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Explaining composable frontend architecture as simply as possible

September 1, 2022 by Rich Kurtzman, Brand Communications @ Fathym

Want the perfect frontend architecture for your website?

We would like to showcase how you can construct scalable and modular frontend architecture with Fathym.

Modular frontends definition

In the modular approach, we use “routes” which allow you to run as many apps or pages as you want under each route. Think of a route as a subpath of a website. And since it’s fully modular, each app/page can be created by a single developer or by a separate team.

For instance, with a /blog route, you could put multiple different blog pages inside/underneath it. Like: The blog home page, blog1, blog2, blog3, a list of content links on another page, and even a photo gallery on another page - all under that /blog route!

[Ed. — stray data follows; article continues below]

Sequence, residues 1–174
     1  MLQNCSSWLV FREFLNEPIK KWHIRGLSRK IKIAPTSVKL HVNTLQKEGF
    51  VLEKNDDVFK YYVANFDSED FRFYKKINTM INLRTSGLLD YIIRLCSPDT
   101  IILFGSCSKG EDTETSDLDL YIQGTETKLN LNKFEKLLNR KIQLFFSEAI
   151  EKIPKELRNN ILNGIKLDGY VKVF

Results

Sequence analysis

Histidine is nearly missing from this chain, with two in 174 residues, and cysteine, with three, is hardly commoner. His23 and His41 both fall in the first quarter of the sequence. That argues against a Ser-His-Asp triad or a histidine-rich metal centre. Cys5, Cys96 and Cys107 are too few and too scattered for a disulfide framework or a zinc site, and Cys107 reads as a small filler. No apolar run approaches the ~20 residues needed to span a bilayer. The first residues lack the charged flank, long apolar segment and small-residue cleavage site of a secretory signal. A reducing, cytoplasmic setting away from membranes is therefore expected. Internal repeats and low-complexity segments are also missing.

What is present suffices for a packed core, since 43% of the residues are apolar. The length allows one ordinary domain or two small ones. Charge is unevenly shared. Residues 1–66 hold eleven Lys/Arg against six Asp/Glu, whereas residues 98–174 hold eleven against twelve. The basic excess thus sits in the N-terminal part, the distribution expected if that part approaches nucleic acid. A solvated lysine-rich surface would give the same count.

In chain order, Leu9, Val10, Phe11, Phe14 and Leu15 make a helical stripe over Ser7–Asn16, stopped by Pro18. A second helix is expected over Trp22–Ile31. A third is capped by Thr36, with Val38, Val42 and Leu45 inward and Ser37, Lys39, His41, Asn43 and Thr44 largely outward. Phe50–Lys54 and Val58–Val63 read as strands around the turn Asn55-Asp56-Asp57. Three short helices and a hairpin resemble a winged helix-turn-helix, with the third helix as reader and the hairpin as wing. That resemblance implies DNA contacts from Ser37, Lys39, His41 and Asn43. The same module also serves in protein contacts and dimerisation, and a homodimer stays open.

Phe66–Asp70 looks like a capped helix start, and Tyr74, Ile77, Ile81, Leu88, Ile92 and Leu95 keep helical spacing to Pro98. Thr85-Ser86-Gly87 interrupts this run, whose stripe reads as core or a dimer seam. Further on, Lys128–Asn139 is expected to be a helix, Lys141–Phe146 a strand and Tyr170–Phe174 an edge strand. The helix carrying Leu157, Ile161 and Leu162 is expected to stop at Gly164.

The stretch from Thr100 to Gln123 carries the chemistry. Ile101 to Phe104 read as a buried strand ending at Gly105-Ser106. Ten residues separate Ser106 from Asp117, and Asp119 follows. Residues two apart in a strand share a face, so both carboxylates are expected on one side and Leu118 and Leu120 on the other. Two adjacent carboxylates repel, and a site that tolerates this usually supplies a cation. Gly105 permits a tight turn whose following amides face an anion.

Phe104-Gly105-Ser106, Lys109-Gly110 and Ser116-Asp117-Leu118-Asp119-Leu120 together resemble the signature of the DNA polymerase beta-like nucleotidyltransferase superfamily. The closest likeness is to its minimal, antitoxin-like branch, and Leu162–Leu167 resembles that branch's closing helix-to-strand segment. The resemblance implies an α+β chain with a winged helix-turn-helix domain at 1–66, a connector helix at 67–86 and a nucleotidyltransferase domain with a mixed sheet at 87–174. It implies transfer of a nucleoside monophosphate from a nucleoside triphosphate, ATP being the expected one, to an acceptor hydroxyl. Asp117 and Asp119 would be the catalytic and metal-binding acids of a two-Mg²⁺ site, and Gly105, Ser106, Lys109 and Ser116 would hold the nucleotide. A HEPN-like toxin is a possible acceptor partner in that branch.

“Each app/page under a route is its own NPM package or GitHub repo,” director of engineering Jeremy Tomlinson explained. “That means you can use separate teams. It also means no more blocking!”

We host each route, app/page independently on your domain. That means no more subdomains, making your site easier to find by customers.

To the end user, all of the routes (blog, pricing, docs etc.) seem as if everything is written in the same monolithic codebase. However, it’s not, which means the codebases are smaller and therefore easier to update, replace, change, scale and fix bugs!

Composable frontend definition

Modular frontends are the structure we need to build composable frontends on top of.

What exactly are composable frontends?

It's GitHub repos, NPM packages, zip files, etc. which are put together in any combination the developer – or citizen developer – wants to use. That means using high-code, low-code or no-code all together.